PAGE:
After half a lifetime of following the Medicare program, on October 1, 2013, I became a Medicare beneficiary. I turned 65 on October 31. I’m part of the leading edge of baby boomers joining the program, ten thousand a day. We’re going to change this program, both by how we use it and what we expect its keepers in Washington to do to improve it.
Here are some reflections upon joining Medicare.
1-Don’t Refer to Me as “Retired”, Please. I’m still working (hard) and paying Medicare as well as income taxes taxes every month. Like most of my fellow boomers, I lack the financial cushion I want in order to stop working. Additionally, for what it’s worth, like all too many boomers, I don’t know how not to work. So my main goal, which is closely aligned with the country’s, is to stay healthy enough to keep working long enough to be able to retire comfortably when I wish to do so.
I plan on staying a long way away from the expensive parts of our healthcare system, if only to avoid being inadvertently harmed. Rest assured that if I know I’m dying, you won’t find me in a hospital if I have any say in the matter.
I don’t consider myself “entitled” to Medicare, or to subsidies from younger people. I’m paying more than $400 a month in Part B fees and the special assessment on Part D that got tacked on in the Affordable Care Act. After what I’ve already paid in, that’s not exactly a flaming bargain. I’ve paid Medicare enough over my working lifetime to buy a house, and will pay more Medicare taxes for years to come for each month that I work. Nothing makes me angrier than the suggestion that I’m somehow sponging off my kids by participating in Medicare.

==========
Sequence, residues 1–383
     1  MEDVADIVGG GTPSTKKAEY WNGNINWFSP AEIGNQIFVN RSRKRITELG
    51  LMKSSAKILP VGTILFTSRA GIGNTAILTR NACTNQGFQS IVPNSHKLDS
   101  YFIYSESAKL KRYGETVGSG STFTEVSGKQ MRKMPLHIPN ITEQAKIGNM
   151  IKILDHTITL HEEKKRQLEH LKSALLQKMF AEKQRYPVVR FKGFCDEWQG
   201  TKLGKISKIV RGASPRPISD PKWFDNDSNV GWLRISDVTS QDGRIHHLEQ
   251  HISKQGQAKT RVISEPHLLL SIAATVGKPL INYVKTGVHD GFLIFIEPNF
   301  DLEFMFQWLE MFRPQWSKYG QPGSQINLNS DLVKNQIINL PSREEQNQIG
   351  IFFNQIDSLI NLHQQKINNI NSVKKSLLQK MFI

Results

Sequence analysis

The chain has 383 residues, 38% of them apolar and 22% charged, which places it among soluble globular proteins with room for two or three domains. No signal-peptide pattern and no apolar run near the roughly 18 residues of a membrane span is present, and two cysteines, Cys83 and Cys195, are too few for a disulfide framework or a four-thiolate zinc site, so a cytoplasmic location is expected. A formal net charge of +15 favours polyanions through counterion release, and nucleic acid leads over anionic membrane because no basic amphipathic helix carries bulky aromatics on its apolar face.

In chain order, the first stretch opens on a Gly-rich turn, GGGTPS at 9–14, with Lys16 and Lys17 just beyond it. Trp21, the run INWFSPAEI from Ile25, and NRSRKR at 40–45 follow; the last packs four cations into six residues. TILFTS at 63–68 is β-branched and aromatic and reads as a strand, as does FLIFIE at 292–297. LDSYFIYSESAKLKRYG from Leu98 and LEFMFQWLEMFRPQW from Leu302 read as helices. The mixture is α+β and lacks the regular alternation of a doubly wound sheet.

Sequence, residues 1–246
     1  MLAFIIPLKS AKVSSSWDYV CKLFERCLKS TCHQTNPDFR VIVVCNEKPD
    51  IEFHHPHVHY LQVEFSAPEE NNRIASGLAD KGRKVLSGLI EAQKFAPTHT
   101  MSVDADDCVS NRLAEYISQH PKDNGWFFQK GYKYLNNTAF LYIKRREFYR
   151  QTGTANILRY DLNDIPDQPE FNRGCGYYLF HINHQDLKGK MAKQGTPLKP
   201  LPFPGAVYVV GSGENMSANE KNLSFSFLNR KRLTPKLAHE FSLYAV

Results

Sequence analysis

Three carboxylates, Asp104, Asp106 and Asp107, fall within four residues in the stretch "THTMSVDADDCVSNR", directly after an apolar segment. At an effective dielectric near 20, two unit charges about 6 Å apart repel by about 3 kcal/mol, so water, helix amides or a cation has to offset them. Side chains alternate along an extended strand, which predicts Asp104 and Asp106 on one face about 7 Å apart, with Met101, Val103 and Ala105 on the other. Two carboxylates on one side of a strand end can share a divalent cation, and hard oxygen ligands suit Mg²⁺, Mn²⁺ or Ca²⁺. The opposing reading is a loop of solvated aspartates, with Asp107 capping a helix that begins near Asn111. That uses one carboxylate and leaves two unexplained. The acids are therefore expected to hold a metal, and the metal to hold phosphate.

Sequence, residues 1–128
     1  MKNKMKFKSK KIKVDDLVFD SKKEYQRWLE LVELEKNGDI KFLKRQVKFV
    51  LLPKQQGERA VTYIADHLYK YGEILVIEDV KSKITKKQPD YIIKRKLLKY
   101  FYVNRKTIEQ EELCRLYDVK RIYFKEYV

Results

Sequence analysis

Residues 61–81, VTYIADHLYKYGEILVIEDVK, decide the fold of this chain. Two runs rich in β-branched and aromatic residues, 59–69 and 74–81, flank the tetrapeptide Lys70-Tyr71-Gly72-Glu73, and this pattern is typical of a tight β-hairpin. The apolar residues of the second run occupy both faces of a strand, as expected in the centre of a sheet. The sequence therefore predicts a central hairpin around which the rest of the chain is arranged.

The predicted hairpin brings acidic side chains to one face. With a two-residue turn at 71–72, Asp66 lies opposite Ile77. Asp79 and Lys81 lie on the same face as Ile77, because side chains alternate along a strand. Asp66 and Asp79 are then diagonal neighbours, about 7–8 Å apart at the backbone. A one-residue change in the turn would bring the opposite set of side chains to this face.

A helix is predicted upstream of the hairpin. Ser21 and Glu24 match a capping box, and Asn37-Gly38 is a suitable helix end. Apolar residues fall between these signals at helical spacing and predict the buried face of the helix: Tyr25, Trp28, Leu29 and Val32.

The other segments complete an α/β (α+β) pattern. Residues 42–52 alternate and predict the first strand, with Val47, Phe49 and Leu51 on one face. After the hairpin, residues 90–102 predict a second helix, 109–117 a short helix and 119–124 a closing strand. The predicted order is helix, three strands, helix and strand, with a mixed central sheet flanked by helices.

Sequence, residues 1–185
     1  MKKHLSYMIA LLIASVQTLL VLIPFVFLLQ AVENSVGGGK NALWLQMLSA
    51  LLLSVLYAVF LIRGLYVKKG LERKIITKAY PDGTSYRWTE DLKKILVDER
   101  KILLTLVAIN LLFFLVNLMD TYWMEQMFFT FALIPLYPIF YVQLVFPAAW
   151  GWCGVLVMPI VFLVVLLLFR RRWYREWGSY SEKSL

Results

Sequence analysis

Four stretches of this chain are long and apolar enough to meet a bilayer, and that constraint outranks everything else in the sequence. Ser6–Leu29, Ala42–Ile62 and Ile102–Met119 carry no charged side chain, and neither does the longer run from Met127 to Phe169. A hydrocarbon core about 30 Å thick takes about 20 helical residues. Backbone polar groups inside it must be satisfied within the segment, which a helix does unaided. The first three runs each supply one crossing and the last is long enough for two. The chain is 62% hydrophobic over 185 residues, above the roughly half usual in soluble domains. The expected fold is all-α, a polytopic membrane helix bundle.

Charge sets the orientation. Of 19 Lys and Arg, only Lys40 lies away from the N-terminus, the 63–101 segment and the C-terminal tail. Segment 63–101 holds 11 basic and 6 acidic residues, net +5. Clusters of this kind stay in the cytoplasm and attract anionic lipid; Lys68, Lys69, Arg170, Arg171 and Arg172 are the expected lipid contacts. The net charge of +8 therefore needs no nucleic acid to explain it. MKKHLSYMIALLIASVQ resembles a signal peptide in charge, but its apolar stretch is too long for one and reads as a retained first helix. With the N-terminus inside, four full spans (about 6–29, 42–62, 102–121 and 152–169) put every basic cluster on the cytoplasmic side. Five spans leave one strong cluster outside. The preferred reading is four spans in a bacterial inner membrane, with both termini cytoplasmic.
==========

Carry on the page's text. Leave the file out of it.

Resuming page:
2- The Regular Medicare Program is a Relic. There is a lot of political fog enshrouding Medicare. Personally, I could care less about the politics of this program. The big choice was fairly cut and dried: either regular Medicare plus a supplemental plan or Medicare Advantage. After logging onto Medicare.gov, I found the regular Medicare benefit completely incomprehensible- chopped up into Parts that may have made legislative sense in the 1960’s. If you included the supplemental coverage, there were just too many moving parts that didn’t seem to fit together into a unified benefit.
So I chose Medicare Advantage. It’s simple to understand and user-friendly, and looks a lot like my previous coverage. My doctor is a participating physician as is my beloved community hospital, Martha Jefferson. And the price is right: zero dollars after my Part B premium. More than 40% of boomers are picking Medicare Advantage, largely because it’s easy to use and remains a bargain. It will eventually be half the program.